Holland’s new role would become an expansive one. It would include everything from assisting with events and teaching workshops to TV news interviews to becoming a co-host and presenter at the 5th Annual Pat Conroy Literary Festival held virtually in November 2020. Just as Pat Conroy offered his mentorship and guidance to many burgeoning writers, Holland finds herself “inspired by all the wonderful and passionate people and writers” she’s met at the Center.

“Mr. Haupt has been the most wonderful mentor. I am constantly learning about the writing and publishing worlds. Sometimes it’s through intentional conversations and other times through workshops and author events I’ve attended.” Though she’s grateful for these learning opportunities, Holland admits, “I’ve come to find that there is so much to learn from every moment, and some of the most important lessons I’ve learned have been in casual conversations. He’s always teaching me something even when I don’t realize it!”

Much like any high schooler, Holland says she likes to “live in the moment and not dwell too much on the future.” Yet, exuding appreciation for the opportunities before her, she explains, “I try to focus on the present and what I can learn from the people around me. I find that when passionate people get together, amazing things can happen!”

That optimism has served her well as opportunities for Holland have continued to present themselves. She was a virtual camp counselor at the 2020 Camp Conroy, where she worked with kids from around the country. She was also the first writer to be featured twice as part of the “Lowcountry Poet’s Corner” segment of ETV’s Telly Award-winning series By the River.

Holland had her first book review published last summer in The Post and Courier, of the young adult (YA) Lowcountry adventure novel Spellbound Under the Spanish Moss (Lucid House, 2020) by Kevin and Connor Garrett. As part of the Bluffton Book Festival this fall, she and Haupt livestreamed their interview with the authors of this action-packed tale. According to Holland, she’s hoping to continue fine-tuning her “live interviewing” skills together with Haupt as part of a future endeavor featuring more authors. That opportunity may include interviewing Sara Shepard of Pretty Little Liars and debut YA novelist Kalynn Bayron, author of Cinderella Is Dead.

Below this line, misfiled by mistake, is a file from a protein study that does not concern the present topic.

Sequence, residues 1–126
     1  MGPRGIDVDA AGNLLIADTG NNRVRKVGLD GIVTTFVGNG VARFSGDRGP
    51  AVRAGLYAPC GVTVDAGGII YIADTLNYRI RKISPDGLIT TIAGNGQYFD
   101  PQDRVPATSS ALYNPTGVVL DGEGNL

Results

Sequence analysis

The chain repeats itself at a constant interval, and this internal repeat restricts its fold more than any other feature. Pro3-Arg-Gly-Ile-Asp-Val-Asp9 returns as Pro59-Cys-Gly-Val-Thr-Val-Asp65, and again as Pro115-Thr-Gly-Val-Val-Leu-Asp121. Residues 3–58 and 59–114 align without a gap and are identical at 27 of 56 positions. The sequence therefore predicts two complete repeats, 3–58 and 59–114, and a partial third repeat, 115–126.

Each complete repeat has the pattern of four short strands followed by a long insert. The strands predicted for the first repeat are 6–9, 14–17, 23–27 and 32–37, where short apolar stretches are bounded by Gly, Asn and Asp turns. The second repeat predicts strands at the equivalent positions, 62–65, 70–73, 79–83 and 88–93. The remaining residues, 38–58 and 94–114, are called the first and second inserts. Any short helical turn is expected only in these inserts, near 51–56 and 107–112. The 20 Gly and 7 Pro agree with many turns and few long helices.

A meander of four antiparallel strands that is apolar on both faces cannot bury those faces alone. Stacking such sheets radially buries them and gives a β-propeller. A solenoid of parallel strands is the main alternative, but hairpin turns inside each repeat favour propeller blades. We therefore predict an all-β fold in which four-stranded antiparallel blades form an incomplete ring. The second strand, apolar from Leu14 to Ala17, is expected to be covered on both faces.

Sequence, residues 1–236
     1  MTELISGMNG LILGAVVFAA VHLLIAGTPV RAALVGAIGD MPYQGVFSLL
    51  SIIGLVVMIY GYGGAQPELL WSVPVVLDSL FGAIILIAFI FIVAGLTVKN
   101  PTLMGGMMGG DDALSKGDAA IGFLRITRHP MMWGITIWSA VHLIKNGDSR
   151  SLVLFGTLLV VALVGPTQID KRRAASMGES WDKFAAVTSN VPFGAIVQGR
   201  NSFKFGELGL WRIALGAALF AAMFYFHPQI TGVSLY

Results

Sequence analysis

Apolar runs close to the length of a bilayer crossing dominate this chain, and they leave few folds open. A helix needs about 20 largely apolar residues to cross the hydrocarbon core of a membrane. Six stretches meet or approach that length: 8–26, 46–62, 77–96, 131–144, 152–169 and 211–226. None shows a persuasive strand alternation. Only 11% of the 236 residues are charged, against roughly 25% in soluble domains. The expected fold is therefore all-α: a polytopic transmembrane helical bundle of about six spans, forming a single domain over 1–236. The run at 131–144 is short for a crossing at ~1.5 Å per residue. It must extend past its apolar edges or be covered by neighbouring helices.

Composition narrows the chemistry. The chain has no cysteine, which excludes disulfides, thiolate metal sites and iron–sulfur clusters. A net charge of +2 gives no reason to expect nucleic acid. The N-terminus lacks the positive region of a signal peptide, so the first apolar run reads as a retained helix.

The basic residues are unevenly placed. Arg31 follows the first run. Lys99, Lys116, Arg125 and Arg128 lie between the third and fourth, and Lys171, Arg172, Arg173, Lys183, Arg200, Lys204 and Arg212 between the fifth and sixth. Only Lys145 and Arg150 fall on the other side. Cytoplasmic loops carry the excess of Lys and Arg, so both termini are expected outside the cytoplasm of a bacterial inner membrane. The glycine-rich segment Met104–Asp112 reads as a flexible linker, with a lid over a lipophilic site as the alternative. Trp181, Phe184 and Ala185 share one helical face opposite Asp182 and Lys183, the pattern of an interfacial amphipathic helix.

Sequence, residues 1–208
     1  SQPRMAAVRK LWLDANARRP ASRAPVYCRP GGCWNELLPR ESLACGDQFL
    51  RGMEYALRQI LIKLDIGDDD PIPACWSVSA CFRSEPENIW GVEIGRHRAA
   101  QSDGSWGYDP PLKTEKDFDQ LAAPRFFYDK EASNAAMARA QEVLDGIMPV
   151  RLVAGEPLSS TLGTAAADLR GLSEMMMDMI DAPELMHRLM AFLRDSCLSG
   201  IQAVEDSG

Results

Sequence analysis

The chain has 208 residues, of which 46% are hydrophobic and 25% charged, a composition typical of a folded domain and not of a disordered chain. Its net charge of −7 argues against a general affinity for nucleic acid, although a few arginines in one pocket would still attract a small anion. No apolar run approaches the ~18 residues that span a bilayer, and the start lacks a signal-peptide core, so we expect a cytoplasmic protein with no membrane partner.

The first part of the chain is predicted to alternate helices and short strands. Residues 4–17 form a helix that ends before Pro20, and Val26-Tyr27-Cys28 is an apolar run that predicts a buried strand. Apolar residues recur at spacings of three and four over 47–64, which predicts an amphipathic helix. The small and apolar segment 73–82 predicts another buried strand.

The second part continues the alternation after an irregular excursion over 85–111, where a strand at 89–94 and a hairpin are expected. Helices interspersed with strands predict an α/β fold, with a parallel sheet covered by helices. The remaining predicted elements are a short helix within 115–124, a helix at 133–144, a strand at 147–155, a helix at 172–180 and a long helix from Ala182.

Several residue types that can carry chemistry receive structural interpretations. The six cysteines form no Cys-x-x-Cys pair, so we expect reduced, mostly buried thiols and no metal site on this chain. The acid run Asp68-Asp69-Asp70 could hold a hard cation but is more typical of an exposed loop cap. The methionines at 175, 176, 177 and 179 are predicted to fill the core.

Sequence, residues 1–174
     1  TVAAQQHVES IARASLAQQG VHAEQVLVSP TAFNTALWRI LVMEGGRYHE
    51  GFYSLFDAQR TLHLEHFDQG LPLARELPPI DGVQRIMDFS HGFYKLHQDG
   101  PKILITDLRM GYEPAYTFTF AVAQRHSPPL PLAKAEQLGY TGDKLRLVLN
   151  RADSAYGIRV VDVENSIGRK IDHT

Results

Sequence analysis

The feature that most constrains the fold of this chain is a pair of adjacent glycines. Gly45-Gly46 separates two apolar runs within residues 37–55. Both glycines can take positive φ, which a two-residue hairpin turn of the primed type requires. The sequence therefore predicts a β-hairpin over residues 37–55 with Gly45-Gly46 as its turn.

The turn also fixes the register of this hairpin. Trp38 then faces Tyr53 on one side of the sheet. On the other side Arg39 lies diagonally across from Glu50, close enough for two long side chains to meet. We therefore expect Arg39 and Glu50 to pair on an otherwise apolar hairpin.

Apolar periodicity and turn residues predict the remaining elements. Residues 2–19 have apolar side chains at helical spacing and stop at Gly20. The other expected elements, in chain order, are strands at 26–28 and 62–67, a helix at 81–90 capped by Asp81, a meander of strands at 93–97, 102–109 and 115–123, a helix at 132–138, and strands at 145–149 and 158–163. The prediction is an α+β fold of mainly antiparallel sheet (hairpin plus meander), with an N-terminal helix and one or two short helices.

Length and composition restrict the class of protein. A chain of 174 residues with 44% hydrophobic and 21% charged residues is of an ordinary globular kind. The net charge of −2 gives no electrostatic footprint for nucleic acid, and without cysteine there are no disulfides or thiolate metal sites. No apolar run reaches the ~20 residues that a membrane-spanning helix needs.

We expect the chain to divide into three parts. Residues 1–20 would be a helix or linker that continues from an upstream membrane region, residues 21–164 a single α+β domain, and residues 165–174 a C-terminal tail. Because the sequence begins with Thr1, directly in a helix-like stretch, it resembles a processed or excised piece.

Holland and her older brother Walker moved with their parents to Beaufort in 2010. Holland says, like most Lowcountry kids, she’s grown up, climbing trees with feet covered in pluff mud. “My earliest memories of writing were sitting in the church pew listening to my dad’s sermons, taking notes, and writing about them.” Holland’s father is Reverend Dr. Patrick Perryman, senior pastor of First Presbyterian Church of Beaufort. As a self-proclaimed book nerd, Holland says, “My parents always read to me,” also recalling that in her family, there has not only been a love of books, but music too.

Holland’s mother, Sissy Perryman, introduced her to musical theater. “I was in second grade when I went to my first audition” at USCB Center for the Arts Beaufort Children’s Theater. Holland laughed, recalling her audition that included an impromptu rendition of Carly Rae Jepsen’s “Call Me Maybe” with a lot of hip shaking and finger wagging. Since that time, Holland has been in 18 shows, most recently appearing in Little Women. Of all the roles she’s played over the years, she shared that the Wicked Witch in the Wizard of Oz was her favorite.

Despite a remarkably busy schedule, Holland seems to have achieved a happy balance among her school, extracurricular, and work commitments. With a course-load of AP classes, Holland hopes to make the most of her high school academic experience. She is also a student leader, serving as the Student Body Vice President and playing Varsity Lacrosse. She is also a proud member of the Beaufort High “Voices” auditioned choir.

Outside school, you’ll find Holland enjoying time with her friends or working at The Kitchen selling gourmet home-cooked meals. She also loves to spend time with her church’s youth group that has a deep commitment to service to others. Holland says, “At the end of the day, I want to learn from those around me and be a part of the good in the world.”